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Many "born in the cloud" IT organizations recognize the need to build DevOps integration and delivery methods as a foundation of their daily processes. And several companies consider AWS as a primary enabler for DevOps.
AWS' base components, including AMIs, Amazon Simple Storage Service (S3) objects and Elastic Block Store volume snapshots, are fundamental building blocks for spinning up new resources and creating automated cloud operations. But often these basic components aren't enough to support DevOps in AWS; several open-source or commercial tools are available to support key aspects of the DevOps methodology: continuous integration, continuous delivery and continuous deployment.
There is a plethora of third-party tools available to help enterprises move toward the various factors of DevOps in AWS -- provisioning, automation and testing, configuration management, integration and monitoring. While some of these tools were developed specifically to work with AWS, many now support multiple cloud services as well as on-premises integration and delivery.
DevOps in AWS tools, such as CloudFormation, or third-party tools, such as Terraform, enable developers to describe resources using a friendly domain-specific language to build a new stack from the ground up.
Troposphere is another third-party tool that could help developers provision a stack. Essentially, it's a Python library that development teams can use to write CloudFormation templates; developers can also combine it with boto to look up various IDs and fields, then plug them into the Troposphere CloudFormation template. Teams can launch the CloudFormation template with boto as part of creating an environment for DevOps in AWS.
One of the main components of continuous integration is the testing phase. AWS provides a good sandbox for developers looking to quickly replicate a production environment for testing purposes, run whatever tests are necessary, and then shut down the environment when done.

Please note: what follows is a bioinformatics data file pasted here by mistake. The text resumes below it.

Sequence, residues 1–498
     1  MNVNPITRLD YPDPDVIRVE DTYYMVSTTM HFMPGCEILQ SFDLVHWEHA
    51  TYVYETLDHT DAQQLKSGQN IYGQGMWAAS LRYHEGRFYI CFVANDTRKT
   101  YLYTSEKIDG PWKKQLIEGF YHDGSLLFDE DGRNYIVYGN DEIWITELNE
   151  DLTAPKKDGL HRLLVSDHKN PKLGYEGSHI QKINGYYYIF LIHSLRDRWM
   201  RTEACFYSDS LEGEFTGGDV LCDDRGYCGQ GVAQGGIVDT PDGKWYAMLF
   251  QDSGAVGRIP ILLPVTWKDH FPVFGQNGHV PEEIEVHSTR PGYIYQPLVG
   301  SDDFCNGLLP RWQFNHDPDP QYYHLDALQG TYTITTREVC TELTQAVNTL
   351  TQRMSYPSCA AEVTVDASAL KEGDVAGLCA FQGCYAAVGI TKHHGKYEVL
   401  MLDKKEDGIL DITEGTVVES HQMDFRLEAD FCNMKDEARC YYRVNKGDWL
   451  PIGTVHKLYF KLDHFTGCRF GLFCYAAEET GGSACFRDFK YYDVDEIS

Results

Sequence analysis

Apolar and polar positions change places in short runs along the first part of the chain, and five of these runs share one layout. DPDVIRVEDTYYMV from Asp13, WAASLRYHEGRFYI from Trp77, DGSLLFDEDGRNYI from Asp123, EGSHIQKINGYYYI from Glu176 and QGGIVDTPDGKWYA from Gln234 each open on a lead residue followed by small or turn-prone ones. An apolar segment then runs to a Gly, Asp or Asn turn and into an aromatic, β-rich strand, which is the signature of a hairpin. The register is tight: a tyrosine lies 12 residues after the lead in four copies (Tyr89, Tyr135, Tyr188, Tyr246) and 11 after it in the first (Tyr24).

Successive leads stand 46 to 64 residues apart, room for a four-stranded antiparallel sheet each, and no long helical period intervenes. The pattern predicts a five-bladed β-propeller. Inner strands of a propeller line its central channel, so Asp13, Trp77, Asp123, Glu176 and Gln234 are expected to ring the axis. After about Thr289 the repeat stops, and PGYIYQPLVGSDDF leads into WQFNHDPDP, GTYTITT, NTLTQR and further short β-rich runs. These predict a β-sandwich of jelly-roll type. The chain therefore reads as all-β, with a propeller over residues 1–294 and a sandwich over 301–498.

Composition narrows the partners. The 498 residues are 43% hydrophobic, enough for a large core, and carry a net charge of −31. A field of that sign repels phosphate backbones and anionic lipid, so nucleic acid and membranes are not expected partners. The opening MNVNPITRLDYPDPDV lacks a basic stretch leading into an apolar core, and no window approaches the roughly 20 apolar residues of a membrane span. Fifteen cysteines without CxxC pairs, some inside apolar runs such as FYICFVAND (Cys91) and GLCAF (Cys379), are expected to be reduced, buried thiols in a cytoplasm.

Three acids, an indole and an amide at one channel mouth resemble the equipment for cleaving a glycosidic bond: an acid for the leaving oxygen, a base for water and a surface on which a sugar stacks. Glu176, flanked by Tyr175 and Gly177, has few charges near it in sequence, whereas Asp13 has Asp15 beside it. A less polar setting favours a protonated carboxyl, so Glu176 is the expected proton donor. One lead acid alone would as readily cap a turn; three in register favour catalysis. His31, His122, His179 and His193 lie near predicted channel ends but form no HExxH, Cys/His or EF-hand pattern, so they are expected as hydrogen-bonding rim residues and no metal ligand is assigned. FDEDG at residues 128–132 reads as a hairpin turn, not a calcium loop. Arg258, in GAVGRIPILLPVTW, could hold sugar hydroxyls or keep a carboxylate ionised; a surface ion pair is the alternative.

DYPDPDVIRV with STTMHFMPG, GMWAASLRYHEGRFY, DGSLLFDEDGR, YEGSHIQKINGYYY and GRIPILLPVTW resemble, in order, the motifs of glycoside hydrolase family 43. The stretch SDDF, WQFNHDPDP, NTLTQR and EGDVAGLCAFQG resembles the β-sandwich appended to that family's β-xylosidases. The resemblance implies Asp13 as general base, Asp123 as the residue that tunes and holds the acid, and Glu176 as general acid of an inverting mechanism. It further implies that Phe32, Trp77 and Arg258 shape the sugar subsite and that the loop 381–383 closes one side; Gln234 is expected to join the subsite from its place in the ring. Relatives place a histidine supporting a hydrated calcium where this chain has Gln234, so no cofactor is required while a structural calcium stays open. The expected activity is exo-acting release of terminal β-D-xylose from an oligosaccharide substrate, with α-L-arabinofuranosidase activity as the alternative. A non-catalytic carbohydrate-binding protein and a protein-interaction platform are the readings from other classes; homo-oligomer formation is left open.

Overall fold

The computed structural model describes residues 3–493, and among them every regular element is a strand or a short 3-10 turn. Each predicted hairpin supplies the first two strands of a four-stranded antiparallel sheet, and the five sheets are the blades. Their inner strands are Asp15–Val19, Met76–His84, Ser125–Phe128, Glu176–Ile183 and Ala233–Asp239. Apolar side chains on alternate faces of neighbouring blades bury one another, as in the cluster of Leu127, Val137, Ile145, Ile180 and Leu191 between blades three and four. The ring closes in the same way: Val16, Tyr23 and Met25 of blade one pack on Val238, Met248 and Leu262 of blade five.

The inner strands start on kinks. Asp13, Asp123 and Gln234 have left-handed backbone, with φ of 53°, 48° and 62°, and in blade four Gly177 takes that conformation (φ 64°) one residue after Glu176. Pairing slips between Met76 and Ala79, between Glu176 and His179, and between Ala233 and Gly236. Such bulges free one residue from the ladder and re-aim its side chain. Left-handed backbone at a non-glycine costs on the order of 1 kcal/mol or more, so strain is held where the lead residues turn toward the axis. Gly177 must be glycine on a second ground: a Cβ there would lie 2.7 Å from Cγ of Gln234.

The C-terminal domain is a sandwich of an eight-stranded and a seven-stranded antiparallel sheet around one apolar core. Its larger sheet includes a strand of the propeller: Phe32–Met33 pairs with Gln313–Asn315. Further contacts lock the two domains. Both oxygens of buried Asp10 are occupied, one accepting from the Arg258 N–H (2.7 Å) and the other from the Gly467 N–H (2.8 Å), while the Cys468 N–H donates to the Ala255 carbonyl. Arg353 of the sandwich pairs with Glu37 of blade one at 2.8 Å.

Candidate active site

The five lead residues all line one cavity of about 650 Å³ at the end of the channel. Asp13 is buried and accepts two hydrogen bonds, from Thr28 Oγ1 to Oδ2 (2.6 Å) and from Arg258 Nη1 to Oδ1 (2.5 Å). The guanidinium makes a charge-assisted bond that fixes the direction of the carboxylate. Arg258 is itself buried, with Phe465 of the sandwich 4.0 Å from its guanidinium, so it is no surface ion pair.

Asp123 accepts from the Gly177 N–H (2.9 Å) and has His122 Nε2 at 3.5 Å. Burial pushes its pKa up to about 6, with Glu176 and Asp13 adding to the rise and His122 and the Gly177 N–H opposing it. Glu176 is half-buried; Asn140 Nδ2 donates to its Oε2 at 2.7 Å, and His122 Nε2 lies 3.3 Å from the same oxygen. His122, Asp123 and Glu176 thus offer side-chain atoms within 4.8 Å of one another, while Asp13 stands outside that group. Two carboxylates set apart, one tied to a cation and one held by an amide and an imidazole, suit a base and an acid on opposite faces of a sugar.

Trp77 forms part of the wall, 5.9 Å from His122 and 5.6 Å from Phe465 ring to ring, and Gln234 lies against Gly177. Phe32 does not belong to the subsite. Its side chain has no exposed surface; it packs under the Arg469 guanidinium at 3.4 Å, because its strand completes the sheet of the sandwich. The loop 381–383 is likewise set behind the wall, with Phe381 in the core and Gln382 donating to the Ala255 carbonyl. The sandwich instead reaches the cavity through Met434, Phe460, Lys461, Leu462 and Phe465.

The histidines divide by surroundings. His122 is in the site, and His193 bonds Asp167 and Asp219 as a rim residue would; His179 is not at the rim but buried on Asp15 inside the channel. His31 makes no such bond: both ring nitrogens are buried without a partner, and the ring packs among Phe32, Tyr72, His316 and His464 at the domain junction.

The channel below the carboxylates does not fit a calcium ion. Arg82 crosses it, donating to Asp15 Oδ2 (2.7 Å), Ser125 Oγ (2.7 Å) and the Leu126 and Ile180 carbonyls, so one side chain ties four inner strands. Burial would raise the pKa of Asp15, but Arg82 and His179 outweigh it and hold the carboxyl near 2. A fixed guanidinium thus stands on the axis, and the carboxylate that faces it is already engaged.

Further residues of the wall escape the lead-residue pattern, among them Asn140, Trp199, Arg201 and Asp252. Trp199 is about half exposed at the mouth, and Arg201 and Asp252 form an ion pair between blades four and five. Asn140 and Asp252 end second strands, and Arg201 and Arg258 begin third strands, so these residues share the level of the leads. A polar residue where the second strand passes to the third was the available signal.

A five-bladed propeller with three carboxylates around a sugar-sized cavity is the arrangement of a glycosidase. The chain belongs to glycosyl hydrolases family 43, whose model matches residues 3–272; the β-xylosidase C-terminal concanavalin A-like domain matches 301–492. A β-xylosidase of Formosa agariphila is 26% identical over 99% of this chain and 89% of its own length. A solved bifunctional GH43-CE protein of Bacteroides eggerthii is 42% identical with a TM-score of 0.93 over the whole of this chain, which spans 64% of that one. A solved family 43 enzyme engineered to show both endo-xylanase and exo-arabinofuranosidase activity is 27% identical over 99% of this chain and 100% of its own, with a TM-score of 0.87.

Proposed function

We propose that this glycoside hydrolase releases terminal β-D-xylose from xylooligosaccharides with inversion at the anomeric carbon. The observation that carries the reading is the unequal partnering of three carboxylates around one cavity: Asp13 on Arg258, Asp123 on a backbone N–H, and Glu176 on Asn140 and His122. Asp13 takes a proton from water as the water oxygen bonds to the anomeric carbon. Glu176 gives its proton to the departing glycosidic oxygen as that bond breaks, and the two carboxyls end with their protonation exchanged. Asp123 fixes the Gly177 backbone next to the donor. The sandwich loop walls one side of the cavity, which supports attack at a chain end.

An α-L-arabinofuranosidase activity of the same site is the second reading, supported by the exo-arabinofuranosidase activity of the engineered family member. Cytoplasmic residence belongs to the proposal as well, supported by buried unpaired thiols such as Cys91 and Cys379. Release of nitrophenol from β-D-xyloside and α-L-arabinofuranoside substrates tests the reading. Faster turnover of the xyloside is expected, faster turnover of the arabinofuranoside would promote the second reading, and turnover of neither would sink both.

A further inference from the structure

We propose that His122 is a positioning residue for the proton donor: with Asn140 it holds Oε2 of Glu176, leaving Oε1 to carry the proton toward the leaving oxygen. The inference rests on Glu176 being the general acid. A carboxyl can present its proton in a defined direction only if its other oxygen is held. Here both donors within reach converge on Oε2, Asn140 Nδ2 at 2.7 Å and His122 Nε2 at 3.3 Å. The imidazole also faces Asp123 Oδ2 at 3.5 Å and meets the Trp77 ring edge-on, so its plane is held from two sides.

AWS APIs and test-automation frameworks allow engineers to continuously run multiple automated tests in parallel. These tools help execute, manage and measure multiple types of tests including unit tests, integration tests and system tests.
BlazeMeter is a test automation framework based on the open source JMeter tool. BlazeMeter simulates loads on applications and uses AWS compute power, allowing engineering teams to experience seamless load test operations with minimal management efforts.
Sauce Labs is another testing tool. This Selenium-based commercial offering does the same for functional testing as BlazeMeter does for load testing. Other open source testing tools include JUnit, TestNG and Appium for mobile testing.
Configuration management (CM) tools bring a company's configuration files to a desired state, including underlying Elastic Compute Cloud (EC2) instance OSes and software configuration files -- different versions, network addresses and any other operational information. CM tools help describe instances using scripts, such as receipts and manifests. So, when a developer starts a new instance from a ready-made AMI, he can use CM tools such as Chef, Puppet, SaltStack or Ansible, which was recently acquired by Red Hat, to maintain newly created EC2 instance attributes.
Integration and delivery
There are multiple tools that development teams can use with DevOps in AWS for continuous integration and continuous delivery. Git or GitHub, AWS CodeCommit and even popular proprietary tools such as JFrog, can be used to store a source code repository. Other tools, such as Jenkins, Travis CI, TeamCity or Codeship, can act as integration servers. Various project management systems, Jira or Slack, for example, can facilitate collaboration.
From an architectural point of view, development teams should store all build and artifacts in S3 and have dedicated EC2 instances for integration and delivery. Using AWS capabilities, such as auto scaling, can help ensure that the delivery infrastructure is robust.
Monitoring is a significant element of operations, especially in the world of modern IT. And AWS' dynamic and complex environments require different monitoring systems. One of the key features of a modern IT monitoring tool is that it allows you to correlate between events in different systems and understand how different systems are affected.
Multiple third-party tools can integrate with Amazon CloudWatch to report on cloud infrastructure performance; the tools also correlate that data with performance metrics from layers "up the stack." Popular commercial APM tools in the systems monitoring area include New Relic and AppDynamics. Other tools that are considered "monitoring aggregators" include Datadog, PagerDuty and BigPanda.
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